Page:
Furthermore, the current study found that under-fives in the post-neonatal and childhood age groups had a significantly higher likelihood of suffering from ARI than those in the neonatal age group. According to Tanzania, nursing mothers are restricted to rest during postpartum recovery for at least one month. During this period the mother-in-law or appointed family member takes the role of cooking and other housework [35]. Therefore, neonates are less directly exposed to particulate matter from biomass fuel combustion. On the other hand, during childhood age, the majority of children are less attached to their mothers as they are involved in playful activities. Therefore, they are more likely to be exposed to other predisposing factors for ARI.

The odds of ARI among under-fives were different between the three surveys. Under-fives in the 2015–16 survey had a significantly less likelihood of suffering from ARI than those in the 2010 and 2004 surveys. Since PCV was introduced in 2013, the majority of under-fives in the 2015–16 survey had likely received the vaccine which protected them against ARI caused by Streptococcus pneumoniae.

The current study also found that under-five Northern and Southern highlands zones of Tanzania had a significantly less likelihood of suffering from ARI than those from other zones. This finding can be explained by the fact that the Northern and Southern highlands zones had a higher coverage of childhood immunization compared to the other zones [22].

Meteorological weather conditions including rainfall, ambient temperature, and humidity can influence the occurrence of ARI besides other risk factors. Different studies elsewhere have reported mixed findings: poor and good correlation between weather conditions and ARI in particular of viral origin such as Influenza [24, 25, 26, 27, 28]. In the current study, all three surveys were conducted in the same year period: from December to May of the following year. It is a rainy season in most parts of Tanzania with a warm ambient temperature. For instance, in the 2015–16 survey, the average maximum and minimum ambient temperature were 20.1°C and 18.3°C in December; 28.7°C and 27.9°C in May [29]. Therefore, it is likely that all study participants in the three surveys were exposed to similar weather conditions.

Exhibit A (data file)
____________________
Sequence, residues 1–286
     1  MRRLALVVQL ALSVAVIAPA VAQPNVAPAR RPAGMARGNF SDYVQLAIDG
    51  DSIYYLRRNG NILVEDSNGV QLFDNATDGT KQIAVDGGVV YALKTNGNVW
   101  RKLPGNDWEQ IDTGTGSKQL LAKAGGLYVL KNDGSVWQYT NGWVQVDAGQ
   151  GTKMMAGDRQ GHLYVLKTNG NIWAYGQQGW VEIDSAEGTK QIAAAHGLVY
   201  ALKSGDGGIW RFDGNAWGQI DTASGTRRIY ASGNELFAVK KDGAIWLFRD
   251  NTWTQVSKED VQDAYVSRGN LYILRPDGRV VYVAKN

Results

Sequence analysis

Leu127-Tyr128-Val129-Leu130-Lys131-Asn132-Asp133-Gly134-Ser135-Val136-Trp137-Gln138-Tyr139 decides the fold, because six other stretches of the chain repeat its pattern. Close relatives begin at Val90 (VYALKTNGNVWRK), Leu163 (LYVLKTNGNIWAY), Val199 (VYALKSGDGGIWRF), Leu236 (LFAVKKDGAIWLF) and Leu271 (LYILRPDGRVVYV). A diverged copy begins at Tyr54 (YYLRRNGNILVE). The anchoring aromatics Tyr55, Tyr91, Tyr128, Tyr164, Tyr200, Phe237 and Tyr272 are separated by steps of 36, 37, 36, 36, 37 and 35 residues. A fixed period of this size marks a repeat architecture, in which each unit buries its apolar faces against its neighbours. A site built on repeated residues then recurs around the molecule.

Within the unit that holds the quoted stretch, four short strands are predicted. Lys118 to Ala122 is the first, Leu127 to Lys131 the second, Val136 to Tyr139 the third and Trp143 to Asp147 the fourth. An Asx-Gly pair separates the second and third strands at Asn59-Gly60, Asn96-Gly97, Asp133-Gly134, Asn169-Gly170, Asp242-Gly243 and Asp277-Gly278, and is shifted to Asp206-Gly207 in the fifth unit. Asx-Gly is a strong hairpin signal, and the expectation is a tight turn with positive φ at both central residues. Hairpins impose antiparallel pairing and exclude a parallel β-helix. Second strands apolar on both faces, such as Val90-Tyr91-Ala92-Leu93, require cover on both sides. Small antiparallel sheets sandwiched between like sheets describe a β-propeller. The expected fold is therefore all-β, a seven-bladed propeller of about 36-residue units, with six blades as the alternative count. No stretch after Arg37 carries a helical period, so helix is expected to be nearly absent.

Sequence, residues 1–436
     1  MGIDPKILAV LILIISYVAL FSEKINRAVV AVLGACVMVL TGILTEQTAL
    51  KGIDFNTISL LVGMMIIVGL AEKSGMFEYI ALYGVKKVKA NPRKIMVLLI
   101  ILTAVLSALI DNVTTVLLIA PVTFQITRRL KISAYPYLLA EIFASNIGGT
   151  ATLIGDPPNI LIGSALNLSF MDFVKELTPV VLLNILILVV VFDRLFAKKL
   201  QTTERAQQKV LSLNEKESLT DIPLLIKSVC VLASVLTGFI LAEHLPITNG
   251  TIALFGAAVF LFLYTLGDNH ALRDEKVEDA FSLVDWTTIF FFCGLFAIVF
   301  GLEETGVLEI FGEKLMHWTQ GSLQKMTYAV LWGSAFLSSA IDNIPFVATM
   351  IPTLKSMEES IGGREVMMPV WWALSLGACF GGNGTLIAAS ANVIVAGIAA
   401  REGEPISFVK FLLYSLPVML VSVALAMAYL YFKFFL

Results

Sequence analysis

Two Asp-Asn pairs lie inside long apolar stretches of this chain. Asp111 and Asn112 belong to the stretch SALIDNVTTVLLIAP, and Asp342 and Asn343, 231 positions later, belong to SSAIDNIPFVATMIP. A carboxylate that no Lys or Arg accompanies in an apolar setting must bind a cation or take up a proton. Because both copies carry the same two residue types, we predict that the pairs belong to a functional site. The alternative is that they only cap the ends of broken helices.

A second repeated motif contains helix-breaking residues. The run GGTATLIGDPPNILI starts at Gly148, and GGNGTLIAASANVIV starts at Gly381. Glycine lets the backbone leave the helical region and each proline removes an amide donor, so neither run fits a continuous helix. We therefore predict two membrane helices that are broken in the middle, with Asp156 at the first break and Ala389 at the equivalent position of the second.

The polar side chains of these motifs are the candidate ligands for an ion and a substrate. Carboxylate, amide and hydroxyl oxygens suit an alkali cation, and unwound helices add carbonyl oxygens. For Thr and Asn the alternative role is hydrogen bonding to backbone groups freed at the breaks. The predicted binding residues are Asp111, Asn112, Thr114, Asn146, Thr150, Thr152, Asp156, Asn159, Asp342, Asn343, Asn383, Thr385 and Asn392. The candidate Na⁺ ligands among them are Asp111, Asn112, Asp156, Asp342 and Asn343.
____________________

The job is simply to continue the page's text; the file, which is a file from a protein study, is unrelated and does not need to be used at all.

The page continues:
The current study has provided a piece of evidence about the trend in the use of unclean fuels and its effects on the occurrence of acute respiratory infection among under-five children in Tanzania over the last decade. This study used a nationally representative large sample size pooled from three consecutive TDHSs 2004, 2010, and 2015–16. The pooled results showed a clear trend in the prevalence of cooking fuels and ARI among under-fives in Tanzania. Moreover, the current study stratified the child age into three age groups to find out which one was more affected. This can help to provide age-specific intervention hence reducing the unnecessary cost that would have happened if the intervention was to include all the age groups. The current study categorized cooking fuels into clean and unclean fuels (solid biomass and kerosene). This categorization can be of significance in the policy of fuel-switching because solid biomass fuels and kerosene are highly polluting fuels. Also, the current study used a mixed-effect multilevel logistic analysis to account for the effect of contextual factors and random effect variables on the ARI among under-fives.

Although the current study used pooled data from the three surveys it remains a cross-sectional design. Therefore, the temporal association between cooking fuels and ARI in under-fives cannot be derived. Additionally, the severity/acuteness of ARI cannot be assessed. The current study finding should be interpreted with care when compared with findings from other studies. Furthermore, the variables used in the current study were self-reported hence a recall bias is inevitable.